The full gate control and the low leakage current of SGFETs make them suitable for many digital applications [4]. Operational amplifiers are one of the most important building blocks of analog integrated circuits, and differential-pair amplifiers are the input building blocks of any opamp, as shown in Figure 5. Therefore, the performance of a differential-pair amplifier, designed using SGFETs, needs to be measured before designing an opamp and will be investigated in this work. We design the input transistors of the differential pair amplifier using PMOS transistors to enable realizing the Miller stage using NMOS transistors and achieving higher gains.

The low-frequency small signal model of the differential pair amplifier designed using SGFETs is shown in Figure 6.

The layout of the differential pair amplifier realized using 3 metallization layers is presented in Figure 7. All interconnect parasitics are extracted and added to the amplifier netlist for postlayout simulations.

The resistor is given by The voltage gain of the differential pair amplifier is given by where denotes and denotes .

For , the voltage gain is approximately given by

For , the output resistance is approximately given by

The main transistors of the input differential pair amplifier are realized by parallel combination of two p-type SGFETs to ensure a large transconductance. The width of the metal interconnects is selected to be 14?nm to reduce their resistivity, and four parallel vias are used to connect metal-2 and metal-3 layers to minimize the signal loss. Each via with 4?nm 4?nm dimension and 36?nm height has a resistance of 400?. Overlap capacitance between metal-1 and metal-2 routing interconnects is 0.2?aF for 14?nm 14?nm dimension and 36?nm height. The layout area of the differential pair amplifier is ?nm and ?nm.

4. Postlayout Characteristics

The transient and frequency responses of the SGFET differential pair amplifier are shown in Figure 8. The amplifier provides a gain of 16 with the first pole located at 100?GHz and the second pole located at 100?THz. To attain high accuracy in the transfer functions of various analog circuits such as switch capacitor filters and amplifiers, it might be necessary to cascade multiple stages in nested Miller architectures and achieve a voltage gain higher than 1000.

The spectrum of the output waveform of the amplifier is given in Figure 9. It has very good linearity characteristics, and the total harmonic distortions of the amplifier are only 3% for ±233?mV output swing. Such a high linearity is due to the source resistance, , acting as the degeneration resistance and minimizing the harmonic distortions of input differential pair transistors.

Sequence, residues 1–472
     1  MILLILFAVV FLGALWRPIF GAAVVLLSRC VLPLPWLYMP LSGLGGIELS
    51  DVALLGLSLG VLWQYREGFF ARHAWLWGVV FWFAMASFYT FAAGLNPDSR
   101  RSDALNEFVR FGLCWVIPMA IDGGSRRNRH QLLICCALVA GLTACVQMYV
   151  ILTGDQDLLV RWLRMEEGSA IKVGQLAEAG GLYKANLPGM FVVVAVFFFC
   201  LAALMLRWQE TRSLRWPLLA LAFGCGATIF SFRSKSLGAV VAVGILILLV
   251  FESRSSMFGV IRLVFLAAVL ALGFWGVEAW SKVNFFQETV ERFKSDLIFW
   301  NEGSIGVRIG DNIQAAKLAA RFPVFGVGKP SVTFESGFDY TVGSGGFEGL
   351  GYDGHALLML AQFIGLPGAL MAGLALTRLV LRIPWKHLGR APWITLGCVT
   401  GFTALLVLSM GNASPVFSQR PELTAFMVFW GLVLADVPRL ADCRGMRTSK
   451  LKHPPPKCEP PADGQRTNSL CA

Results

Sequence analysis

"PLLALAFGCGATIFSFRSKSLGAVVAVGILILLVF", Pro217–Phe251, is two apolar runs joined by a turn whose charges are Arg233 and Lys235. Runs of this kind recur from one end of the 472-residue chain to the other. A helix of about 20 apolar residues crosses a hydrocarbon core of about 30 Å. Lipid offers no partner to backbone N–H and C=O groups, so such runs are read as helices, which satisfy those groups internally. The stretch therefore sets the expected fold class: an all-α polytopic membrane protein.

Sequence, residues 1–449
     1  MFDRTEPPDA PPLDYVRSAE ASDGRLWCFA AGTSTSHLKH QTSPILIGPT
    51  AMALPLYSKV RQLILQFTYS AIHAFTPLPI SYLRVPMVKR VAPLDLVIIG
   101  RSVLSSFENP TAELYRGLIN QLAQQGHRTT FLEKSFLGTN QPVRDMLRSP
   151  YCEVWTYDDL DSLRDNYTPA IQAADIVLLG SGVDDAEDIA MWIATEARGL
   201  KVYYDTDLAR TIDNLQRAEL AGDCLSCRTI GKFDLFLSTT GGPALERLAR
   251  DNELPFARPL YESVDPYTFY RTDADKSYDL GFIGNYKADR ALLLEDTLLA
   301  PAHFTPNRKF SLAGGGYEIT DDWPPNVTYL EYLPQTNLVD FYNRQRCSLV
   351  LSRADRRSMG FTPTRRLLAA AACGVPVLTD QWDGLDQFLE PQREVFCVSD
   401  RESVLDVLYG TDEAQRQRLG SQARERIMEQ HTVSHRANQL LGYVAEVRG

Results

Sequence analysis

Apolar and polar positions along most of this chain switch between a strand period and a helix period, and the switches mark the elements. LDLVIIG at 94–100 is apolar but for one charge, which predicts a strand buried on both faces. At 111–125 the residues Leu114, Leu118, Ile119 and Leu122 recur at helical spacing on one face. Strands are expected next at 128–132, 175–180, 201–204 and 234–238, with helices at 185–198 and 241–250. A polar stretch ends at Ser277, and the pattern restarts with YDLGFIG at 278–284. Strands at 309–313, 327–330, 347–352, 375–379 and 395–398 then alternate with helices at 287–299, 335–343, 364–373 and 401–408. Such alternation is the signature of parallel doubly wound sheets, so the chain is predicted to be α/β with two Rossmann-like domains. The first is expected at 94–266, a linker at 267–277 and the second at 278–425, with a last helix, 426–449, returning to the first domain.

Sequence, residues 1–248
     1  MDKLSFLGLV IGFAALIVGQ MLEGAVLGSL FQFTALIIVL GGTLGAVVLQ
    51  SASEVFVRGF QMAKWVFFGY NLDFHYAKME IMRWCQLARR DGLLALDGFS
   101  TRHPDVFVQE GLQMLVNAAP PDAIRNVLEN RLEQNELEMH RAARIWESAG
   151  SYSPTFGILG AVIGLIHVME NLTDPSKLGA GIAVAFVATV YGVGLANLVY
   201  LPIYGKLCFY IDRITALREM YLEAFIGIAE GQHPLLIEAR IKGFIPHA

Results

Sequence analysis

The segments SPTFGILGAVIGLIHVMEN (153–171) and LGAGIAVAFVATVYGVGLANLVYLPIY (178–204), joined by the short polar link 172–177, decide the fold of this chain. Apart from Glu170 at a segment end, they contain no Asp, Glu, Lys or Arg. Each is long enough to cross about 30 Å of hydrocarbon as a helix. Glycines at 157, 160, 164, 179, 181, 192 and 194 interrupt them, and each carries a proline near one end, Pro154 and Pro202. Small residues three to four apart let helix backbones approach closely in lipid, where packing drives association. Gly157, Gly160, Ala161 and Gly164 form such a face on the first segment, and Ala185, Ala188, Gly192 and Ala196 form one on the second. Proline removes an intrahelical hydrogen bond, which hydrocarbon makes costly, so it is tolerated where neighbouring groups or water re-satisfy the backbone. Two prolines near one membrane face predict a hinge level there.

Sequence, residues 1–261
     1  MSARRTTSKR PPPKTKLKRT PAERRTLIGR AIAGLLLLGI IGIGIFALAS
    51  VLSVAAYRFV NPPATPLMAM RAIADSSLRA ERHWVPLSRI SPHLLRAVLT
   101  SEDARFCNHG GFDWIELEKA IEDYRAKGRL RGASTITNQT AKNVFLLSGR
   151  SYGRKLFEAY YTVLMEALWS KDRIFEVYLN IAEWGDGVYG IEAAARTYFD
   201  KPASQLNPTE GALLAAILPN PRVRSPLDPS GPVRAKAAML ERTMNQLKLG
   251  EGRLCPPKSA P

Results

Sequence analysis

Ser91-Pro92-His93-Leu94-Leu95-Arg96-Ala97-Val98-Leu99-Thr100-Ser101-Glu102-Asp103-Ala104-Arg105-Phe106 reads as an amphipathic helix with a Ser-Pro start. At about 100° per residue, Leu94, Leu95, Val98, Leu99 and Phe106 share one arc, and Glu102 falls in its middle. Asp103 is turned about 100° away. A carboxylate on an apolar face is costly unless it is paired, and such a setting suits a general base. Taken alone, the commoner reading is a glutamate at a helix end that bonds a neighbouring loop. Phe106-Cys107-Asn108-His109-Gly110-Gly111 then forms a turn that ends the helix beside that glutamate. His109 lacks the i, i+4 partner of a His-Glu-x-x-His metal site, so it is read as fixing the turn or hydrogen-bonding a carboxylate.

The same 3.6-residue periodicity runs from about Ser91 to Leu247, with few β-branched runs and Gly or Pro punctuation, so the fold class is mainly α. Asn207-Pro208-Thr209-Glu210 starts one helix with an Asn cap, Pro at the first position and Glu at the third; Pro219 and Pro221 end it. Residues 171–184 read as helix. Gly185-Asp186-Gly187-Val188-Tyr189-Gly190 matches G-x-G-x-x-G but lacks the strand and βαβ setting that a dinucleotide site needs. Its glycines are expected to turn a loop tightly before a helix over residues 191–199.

The postlayout characteristics of the opamp are listed in Table 1. The good performance of the SGFET amplifier indicates that these transistors are good choices for future integration of high-speed and low-power analog and mixed signal circuits.


Supply voltage1.8 V
Maximum output linear signal swing0.5 V
Input DC voltage level0.6 V
Voltage gain (at 1 GHz)16
Phase margin>90°
Unity voltage gain cutoff frequency5.1 THz
Third-order intermodulation distortion (10 mV two-tone signals with 1 GHz spacing)−24 dBm
Second-order harmonic distortion−40 dBm
Third-order harmonic distortion−52 dBm
Total harmonic distortion3%
Load capacitor20 aF
Power dissipation5  𝜇 W
Area136 nm × 190 nm

5. Conclusions

The design and characteristics of a differential pair amplifier designed using nanowire SGFETs and having channel length of 10?nm and channel radius of 2?nm were presented. The amplifier dissipates 5?W power and provides 5?THz bandwidth with a voltage gain of 16 and a distortion better than 3%. All these parameters indicate that vertical nanowire SGFETs are promising candidates for realizing next generation high-speed analog integrated circuits.

References

  1. B. Heydari, M. Bohsali, E. Adabi, and A. M. Niknejad, “Millimeter-wave devices and circuit blocks up to 104 GHz in 90 nm CMOS,” IEEE Journal of Solid-State Circuits, vol. 42, no. 12, pp. 2893–2903, 2007. View at: Publisher Site | Google Scholar
  2. A. Bindal, A. Naresh, P. Yuan, K. K. Nguyen, and S. Hamedi-Hagh, “The design of dual work function CMOS transistors and circuits using silicon nanowire technology,” IEEE Transactions on Nanotechnology, vol. 6, no. 3, pp. 291–302, 2007. View at: Publisher Site | Google Scholar
  3. K. H. Cho, K. H. Yeo, Y. Y. Yeoh et al., “Experimental evidence of ballistic transport in cylindrical gate-all-around twin silicon nanowire metal-oxide-semiconductor field-effect transistors,” Applied Physics Letters, vol. 92, no. 5, Article ID 052102, 3 pages, 2008. View at: Publisher Site | Google Scholar
  4. A. Bindal and S. Hamedi-Hagh, “An exploratory design study of a 16×16 static random access memory using silicon nanowire transistors,” Journal of Nanoelectronics and Optoelectronics, vol. 2, no. 3, pp. 294–303, 2007. View at: Publisher Site | Google Scholar

Copyright © 2008 Sotoudeh Hamedi-Hagh and Ahmet Bindal. This is an open access article distributed under the Creative Commons Attribution License, which permits unrestricted use, distribution, and reproduction in any medium, provided the original work is properly cited.